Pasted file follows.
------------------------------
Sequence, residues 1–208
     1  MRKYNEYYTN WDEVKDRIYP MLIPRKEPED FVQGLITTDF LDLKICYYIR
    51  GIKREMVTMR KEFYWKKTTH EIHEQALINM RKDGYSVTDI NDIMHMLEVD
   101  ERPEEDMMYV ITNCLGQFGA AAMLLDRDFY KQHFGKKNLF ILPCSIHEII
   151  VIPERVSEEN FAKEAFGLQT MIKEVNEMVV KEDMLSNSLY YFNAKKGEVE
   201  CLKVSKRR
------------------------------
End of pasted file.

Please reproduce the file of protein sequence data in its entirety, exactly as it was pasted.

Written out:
Sequence, residues 1–208
     1  MRKYNEYYTN WDEVKDRIYP MLIPRKEPED FVQGLITTDF LDLKICYYIR
    51  GIKREMVTMR KEFYWKKTTH EIHEQALINM RKDGYSVTDI NDIMHMLEVD
   101  ERPEEDMMYV ITNCLGQFGA AAMLLDRDFY KQHFGKKNLF ILPCSIHEII
   151  VIPERVSEEN FAKEAFGLQT MIKEVNEMVV KEDMLSNSLY YFNAKKGEVE
   201  CLKVSKRR